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Scientists have found that many esophageal cancers turn on ancient viral DNA embedded in our genome, a finding that could lead to improvements in immunotherapy.
In a new study, Columbia cancer researchers have identified a potential new drug target in lung metastases of esophageal squamous cell carcinoma.
Columbia cancer researchers are working to increase the representation of people of color in cancer clinical trials and decrease the health equity gap, with the help of Stand Up to Cancer.
Reducing levels of a hormone prevented metastasis and prolonged survival in mice with pancreatic cancer, a study from Columbia has found, which could lead to new treatments for patients.
- December 9, 2020
For multiple myeloma patients with RAS mutations, inhibiting an enzyme involved in cell proliferation may help patients resistant to current therapies, a new Columbia study has found.
- November 27, 2020
Columbia researchers characterized a new class of ‘biomimetic’ drugs that plug a calcium channel implicated in the development of cancer and several other diseases.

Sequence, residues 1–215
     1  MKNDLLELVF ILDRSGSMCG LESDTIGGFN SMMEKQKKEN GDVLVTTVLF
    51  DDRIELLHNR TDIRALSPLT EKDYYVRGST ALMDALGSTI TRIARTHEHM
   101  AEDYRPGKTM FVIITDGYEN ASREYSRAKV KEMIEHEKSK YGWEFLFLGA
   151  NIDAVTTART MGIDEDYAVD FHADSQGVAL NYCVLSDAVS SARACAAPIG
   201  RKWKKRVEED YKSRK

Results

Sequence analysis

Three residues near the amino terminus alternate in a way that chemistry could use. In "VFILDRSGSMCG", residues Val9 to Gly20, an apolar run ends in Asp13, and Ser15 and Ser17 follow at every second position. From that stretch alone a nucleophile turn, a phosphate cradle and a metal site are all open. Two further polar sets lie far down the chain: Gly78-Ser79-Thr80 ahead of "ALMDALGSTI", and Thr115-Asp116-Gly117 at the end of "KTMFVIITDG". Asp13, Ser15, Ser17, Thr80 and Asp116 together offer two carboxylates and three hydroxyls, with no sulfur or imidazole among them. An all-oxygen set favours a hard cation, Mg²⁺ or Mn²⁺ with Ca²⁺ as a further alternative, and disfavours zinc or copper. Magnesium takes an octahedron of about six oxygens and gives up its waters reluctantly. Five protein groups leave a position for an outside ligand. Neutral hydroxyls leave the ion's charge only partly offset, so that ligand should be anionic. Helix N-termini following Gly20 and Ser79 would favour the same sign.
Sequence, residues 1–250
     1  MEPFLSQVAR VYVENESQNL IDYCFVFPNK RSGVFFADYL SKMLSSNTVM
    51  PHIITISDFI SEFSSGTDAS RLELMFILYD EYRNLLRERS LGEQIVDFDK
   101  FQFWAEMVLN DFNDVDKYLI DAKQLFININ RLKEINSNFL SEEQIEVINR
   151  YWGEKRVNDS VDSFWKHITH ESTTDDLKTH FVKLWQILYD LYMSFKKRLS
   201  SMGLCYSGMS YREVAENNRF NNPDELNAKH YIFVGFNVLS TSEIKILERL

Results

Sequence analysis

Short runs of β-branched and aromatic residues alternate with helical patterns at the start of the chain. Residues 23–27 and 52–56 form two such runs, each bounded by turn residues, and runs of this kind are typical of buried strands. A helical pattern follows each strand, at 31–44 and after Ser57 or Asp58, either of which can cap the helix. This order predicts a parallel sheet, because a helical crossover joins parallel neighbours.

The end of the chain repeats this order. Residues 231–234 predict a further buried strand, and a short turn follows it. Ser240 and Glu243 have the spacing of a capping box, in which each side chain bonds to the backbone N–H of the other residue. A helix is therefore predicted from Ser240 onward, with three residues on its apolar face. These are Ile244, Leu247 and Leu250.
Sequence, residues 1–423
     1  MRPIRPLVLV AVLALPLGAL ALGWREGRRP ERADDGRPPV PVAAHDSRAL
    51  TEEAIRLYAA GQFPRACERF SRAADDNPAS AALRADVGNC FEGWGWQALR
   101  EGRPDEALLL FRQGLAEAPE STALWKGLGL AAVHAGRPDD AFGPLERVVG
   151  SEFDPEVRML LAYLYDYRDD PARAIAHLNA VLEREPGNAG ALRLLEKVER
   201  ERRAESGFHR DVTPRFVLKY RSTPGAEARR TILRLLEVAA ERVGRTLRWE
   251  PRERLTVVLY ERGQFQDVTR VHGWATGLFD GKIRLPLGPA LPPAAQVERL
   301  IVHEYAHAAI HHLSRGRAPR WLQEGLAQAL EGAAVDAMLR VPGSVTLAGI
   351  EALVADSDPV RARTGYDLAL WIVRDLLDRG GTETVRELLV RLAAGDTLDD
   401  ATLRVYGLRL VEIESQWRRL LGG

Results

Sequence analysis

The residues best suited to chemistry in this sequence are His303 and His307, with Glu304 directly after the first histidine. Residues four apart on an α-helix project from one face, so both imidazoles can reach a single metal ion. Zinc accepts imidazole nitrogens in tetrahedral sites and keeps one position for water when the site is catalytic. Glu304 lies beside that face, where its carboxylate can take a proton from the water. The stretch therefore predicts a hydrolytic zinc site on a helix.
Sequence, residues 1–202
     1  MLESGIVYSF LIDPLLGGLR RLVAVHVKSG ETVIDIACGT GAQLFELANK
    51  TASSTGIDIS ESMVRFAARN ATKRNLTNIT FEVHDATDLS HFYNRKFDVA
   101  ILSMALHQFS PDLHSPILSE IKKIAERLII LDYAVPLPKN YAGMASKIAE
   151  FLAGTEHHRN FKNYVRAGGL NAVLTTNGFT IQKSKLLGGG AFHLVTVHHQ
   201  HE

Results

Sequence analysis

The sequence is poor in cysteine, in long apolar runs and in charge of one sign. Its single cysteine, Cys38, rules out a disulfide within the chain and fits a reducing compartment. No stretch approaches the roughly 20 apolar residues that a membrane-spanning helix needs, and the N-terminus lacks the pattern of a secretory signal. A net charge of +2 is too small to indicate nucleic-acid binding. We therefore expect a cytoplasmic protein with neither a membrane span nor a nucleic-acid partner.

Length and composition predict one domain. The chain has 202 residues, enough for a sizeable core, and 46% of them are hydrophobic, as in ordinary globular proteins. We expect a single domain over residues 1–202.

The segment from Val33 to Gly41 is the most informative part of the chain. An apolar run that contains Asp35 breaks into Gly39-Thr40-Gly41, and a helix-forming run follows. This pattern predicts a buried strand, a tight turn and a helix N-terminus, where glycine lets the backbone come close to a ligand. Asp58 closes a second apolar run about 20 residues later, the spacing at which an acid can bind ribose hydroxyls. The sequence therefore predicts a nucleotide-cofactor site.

- November 13, 2020
New combination chemotherapies have improved survival for patients with pancreatic cancer, and oncologist Gulam Manji sees early signs that new treatments in trials may be even better.
- November 9, 2020
Columbia researchers have identified a gene signature in localized prostate cancer that predicts the cancer’s odds of spreading and its response to a common treatment for advanced disease.
- November 5, 2020
Immunotherapy, often ineffective against stomach cancer, was more effective when combined with chemotherapy and given earlier, finds a new study in mice.
- October 29, 2020
Adam Bass, MD, will join the Herbert Irving Comprehensive Cancer Center as founding director of the Center for Precision Cancer Medicine and director of gastrointestinal oncology.
- October 22, 2020
Columbia's Eileen Connolly explains how radiation treatment for breast cancer has vastly improved in recent years due to advancements in technology and an increased understanding of the disease.